Monday, February 23, 2009


Now to the word "honor." You will recall I am addressing the charge laid at the feet of someone that the thing they did was "unreasonable" and "dishonorable." This said because the accuser disagreed with the action taken. Check the last two posts if there is any need for further context.

I do confess that I often wonder about this honor thing when faced with a difficult action I am thinking of performing that may be questioned. This, because it may be that my greatest concern for any thing I do is that I might hear said of it, "That wasn't an honorable thing to do." [Lacking in integrity] So I have some additional and final thoughts on this difficult word...honor.

I say difficult because I'm not sure I often see it in myself. Maybe that's because I sometimes have all these secret or hidden from view thoughts and feelings that I have to fight through when making a difficult choice in an action. Add to that my inability, often times, to honestly examine my own motives [Owning them truthfully since I tend to want to assign good motives to myself too quickly.] and I find myself in a conundrum about my own honor. But I do often think, correctly or incorrectly, I recognize it when I see it in others. [Or don't see it.] Oh how wrong a person can be as we shall see. But wherever this difficult word is really present in reality, I think, as a virtue, it has little to do with being reasonable. [There's THAT word again.]

I do know, however, that it is just as "dishonorable" [lacking in integrity] for a person to allow themselves to be used or abused by others out of a fear of offending the abuser OR standing by while others are used/abused when it is within one's power to stop it, as it is "dishonorable" for a person to personally use/abuse other people.

I also think that we as preachers may have honed the using of other people, which may be our greatest sin, to an art as revealed in our rhetoric which is the stuff of legend in the ministerial fraternity. [Consider the attendance and decision reports at years end as if it validates the success or failure of the ministry of a church...."my church" pastors often revealingly say.]

If one asks "how should we report?" I would simply say, after questioning if reporting is truly needed at all, that... until... we start talking in our reports about the number of marriages saved through counseling or families assisted in needs, food clothes and shelter being provided, or people with addictions [be they food, money, sex, drugs, religion, power, addictions] being helped, as well as the number of people brought to faith in Christ and discipled in their walk... and... when we speak of our serving the congregation who has decided on certain doctrinal issues after study and prayer as a body, we haven't begun to address what I'm refering to here.

We have become, IMHO, a generation of professed christians, especially preachers, who may be more likened to users and abusers seeking control and power, sold under a different name, [doing ministry or serving] but looking nothing like real biblical ministry or service. But I digress.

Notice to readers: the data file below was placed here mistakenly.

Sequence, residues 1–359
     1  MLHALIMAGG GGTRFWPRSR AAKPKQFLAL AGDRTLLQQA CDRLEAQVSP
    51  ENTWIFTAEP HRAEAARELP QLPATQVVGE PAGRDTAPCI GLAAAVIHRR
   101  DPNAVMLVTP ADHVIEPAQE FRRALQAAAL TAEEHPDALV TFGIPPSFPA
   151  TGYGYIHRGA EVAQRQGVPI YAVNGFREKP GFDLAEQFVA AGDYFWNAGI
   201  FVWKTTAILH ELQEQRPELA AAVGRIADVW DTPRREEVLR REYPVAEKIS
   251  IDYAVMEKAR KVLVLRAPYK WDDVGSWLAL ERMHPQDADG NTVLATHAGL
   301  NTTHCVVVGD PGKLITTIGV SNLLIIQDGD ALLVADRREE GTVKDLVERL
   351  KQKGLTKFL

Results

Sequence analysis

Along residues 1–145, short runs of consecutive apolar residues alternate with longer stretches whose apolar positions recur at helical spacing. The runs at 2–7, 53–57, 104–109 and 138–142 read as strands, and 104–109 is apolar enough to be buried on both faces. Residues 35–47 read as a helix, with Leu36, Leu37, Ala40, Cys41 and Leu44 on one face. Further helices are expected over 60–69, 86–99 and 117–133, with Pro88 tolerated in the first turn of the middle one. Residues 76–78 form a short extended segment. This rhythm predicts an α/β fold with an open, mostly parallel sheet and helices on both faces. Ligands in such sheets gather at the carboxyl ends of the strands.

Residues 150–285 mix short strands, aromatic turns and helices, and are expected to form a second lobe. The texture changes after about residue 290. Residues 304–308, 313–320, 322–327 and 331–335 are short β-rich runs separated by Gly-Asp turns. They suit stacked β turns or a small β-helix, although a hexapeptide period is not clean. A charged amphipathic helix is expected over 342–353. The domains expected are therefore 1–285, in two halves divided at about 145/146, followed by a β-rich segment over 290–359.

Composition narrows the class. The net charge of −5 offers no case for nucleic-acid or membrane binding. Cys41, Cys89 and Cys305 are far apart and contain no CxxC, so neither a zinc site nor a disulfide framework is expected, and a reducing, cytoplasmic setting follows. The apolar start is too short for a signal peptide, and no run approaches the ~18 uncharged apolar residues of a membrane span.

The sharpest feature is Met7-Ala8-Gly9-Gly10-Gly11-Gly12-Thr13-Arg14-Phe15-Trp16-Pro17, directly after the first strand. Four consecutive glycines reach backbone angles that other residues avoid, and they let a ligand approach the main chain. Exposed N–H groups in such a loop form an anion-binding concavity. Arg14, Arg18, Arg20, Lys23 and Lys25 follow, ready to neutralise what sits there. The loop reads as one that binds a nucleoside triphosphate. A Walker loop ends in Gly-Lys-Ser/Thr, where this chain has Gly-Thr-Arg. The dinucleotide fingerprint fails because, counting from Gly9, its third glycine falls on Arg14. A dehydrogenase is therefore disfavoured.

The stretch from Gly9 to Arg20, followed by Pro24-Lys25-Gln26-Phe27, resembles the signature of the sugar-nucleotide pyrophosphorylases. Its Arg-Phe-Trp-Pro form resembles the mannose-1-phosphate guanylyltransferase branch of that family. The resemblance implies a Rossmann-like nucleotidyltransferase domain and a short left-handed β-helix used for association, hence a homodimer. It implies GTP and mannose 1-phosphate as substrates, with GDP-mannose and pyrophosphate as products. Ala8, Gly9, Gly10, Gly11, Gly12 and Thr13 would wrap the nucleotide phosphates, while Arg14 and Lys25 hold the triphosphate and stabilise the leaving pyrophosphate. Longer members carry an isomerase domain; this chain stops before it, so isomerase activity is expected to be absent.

I realize all this goes to motivation and only affirms the truth Paul delivered in 1 Corinthians 4:5 when he said, "Therefore judge nothing
[who was the greatest pastor/servant-Paul-Peter-Apollos] before the time...[the return of the Lord]...who will bring to light hidden things that are in the dark...and will reveal the motives of the heart...etc..." [The Message]

I guess we are ALL forced to wait until then to know the truth about some things one does that may seem honorable to some and dishonorable to others. Integrity or honor may be a bit more elusive than one would think at first glance.

One thing I know with one can say with any certainty about another that they are a dishonorable person [or honorable for that matter] and have any real veracity attached to their assessment. All we can truthfully evaluate is what they have DONE that we are aware of personally. We may challenge things done as to their being right or wrong according to our moral, ethical, or perceived biblical standard but the person's honor/character/integrity will have to be left with God whose servant they are. The day WILL declare it. Maybe Robert Frost was right after all.

Paul B.


Anonymous said...

I do want to think the best of me....don't I? I guess I need to re-read the sermon on the mount.

Paul Burleson said...


By all means think the best of yourself as long as you understand the best of you is WHO you are by the Grace of God.

Along side that should be the reality of thinking honestly about HOW you behave often times that evidences the need to GROW in the Grace of God at work in you.

I'm assuming until the resurrection there will be in you, as there is in me, the continuing warfare between the flesh and the Spirit.

Thanks for stopping by.

Strider said...

I would add more to honor than you have covered here. Romans 12 demands that we 'outdo one another' in honoring each other. 1 Cor 13 is in similar vein when it says love 'hopes all things, believes all things.' We do not honor each other as we ought. What you have written is certainly true as far as it goes and I am not trying to refute you- I am wanting instead for us to go farther than merely 'not judging' one another for now. I want us to be biblical and Christ-like and esteem each other as God intends for us to do. So often what happens on these blogs is the opposite of this. Men and women get on the comment streams and go out of their way to find fault and twist words. You have been gracious to me and honored me more than once and I have been blessed by that. That is how it should be. The old song said,